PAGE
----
You've been crossing The Hill, the rise of ground inside the racecourse which offers good views of the home straight, and so is packed with spectators on racedays (there is no charge to enter the Hill). If you stray too far north, nearer the home straight, you'll be crossing the training gallops parallel to the racecourse; if you stray too far south, you'll encroach on the model aeroplane flying area. A series of posts mark this southern boundary (with blue arrows on the near side, and red crosses on the other side), with the last such post on Walton Road itself. Try to keep to the right of all of these posts, but to the left of the ones alonside the training gallops nearer the racecourse.

15. Continue along Walton Road: depending on where you joined it, you may be climbing uphill initially, but it soon levels out.

You may find a training gallop laid out across the road with material spread on the road to provide grip, and barriers to direct horses in training across the safe crossing.

16. About 100m before reaching the back of the racecourse, but immediately after passing a hack ride marker post about 10m off in the grass on the right, turn right onto the grass. Don't go straight down the slope: your route is to go half left across the modest dip, heading for the entrance across the back of the racecourse into Downs House, which is about 330m down from Walton Road (the entrance is at the top of a line of trees which marks the far side of the dip). When you've crossed the dip to arrive opposite the entrance, climb up onto the road, but don't follow the road across the racecourse into Downs House: instead turn right so that the road becomes a track next to the racecourse, going slightly downhill.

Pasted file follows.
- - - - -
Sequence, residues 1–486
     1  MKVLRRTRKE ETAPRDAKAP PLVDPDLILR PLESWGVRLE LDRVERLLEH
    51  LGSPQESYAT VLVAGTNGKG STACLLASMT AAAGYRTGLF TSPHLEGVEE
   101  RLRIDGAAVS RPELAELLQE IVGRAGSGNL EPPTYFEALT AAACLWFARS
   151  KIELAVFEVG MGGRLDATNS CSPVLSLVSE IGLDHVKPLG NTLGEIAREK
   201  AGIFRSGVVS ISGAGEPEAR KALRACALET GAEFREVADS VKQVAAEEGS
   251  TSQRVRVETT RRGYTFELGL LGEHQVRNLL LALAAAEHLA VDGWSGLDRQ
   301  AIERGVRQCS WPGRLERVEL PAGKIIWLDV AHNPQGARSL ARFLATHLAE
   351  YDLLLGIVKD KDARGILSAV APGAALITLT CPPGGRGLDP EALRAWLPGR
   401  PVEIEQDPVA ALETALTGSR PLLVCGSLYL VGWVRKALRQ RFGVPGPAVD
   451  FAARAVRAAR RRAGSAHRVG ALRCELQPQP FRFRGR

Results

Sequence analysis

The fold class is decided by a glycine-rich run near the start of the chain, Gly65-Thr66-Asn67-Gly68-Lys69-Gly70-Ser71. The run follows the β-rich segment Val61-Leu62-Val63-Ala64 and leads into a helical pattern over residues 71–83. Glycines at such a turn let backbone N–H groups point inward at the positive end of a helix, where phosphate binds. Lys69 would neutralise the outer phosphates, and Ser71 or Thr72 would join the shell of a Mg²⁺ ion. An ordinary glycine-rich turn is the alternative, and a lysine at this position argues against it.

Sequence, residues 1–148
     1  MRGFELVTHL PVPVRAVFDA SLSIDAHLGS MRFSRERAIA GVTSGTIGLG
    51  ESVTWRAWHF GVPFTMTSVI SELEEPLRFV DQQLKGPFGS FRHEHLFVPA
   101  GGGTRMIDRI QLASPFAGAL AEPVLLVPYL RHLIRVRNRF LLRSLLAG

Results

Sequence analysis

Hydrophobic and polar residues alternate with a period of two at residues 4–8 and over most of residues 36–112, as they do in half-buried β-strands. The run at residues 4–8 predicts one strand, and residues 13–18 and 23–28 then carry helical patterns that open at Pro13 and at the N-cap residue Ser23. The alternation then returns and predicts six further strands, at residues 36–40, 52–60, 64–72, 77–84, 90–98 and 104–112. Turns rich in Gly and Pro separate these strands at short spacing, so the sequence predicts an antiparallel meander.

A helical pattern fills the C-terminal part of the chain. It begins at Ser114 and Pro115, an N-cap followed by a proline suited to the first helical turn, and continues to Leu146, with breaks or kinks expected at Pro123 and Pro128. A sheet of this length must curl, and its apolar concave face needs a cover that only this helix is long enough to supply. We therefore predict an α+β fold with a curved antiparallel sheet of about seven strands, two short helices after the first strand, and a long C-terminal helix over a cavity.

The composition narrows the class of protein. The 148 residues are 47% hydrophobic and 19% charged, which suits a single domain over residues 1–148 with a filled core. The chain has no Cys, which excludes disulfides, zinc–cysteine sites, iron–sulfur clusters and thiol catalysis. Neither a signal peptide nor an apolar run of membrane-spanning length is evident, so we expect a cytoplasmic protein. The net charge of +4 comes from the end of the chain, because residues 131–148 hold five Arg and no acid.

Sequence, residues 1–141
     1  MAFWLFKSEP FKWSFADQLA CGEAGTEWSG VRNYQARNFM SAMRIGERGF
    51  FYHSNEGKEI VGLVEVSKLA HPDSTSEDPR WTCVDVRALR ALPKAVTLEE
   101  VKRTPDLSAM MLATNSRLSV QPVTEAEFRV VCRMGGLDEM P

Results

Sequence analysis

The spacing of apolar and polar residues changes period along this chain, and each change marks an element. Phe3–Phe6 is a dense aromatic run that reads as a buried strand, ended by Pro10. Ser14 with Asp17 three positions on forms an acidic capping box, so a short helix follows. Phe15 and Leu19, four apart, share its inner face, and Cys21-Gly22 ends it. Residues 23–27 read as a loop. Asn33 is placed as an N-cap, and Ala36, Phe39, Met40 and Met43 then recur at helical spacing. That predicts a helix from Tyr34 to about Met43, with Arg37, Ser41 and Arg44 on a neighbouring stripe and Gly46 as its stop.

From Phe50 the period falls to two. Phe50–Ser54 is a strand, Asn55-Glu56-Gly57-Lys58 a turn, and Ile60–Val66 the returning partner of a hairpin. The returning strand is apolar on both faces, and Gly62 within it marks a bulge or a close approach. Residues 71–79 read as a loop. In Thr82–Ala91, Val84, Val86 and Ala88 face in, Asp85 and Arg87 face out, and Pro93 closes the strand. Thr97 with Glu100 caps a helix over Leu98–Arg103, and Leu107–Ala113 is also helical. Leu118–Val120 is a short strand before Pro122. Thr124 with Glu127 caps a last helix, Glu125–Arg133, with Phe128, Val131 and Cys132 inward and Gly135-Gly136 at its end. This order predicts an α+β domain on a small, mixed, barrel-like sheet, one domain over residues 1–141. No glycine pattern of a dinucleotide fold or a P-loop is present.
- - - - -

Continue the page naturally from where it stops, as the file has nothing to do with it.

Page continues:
The bank and trees below you to your right mark the near side of the old alignment of the Derby course, used from 1848 to 1872. It was moved to its present alignment in 1872, because of the excessively taxing start to the race from the bottom of the valley. You're now heading down to the start of the Derby Stakes, which is 1 mile, 4 furlongs and 10 yards, or 2,423 metres, from the finishing post. By the time you reach the start, just before the end of the racecourse, you will have descended 40m from Walton Road: despite the realignment of the racecourse, it's still a gruelling start to the Derby.

17. About 60m before the end of the racecourse (and pretty much where the starting gates for the Derby are stationed), the rough surface of the track peters out into grass, and the track forks: take the right fork, away from the racecourse, heading back down to the valley. Keep straight ahead, down to the bottom of the valley, where you should see a reddy-brown path along the valley bottom, and another one which joins it out of the woods to your left (this last one is marked, where it enters the woods, 'racehorses only'). Don't take any of these tracks, but instead take a grassy path into the woods between the 'Y' of the tracks where they join.

This is Beech Wood: the path through the woods was reopened in late 2009, after 20 years or so of neglect.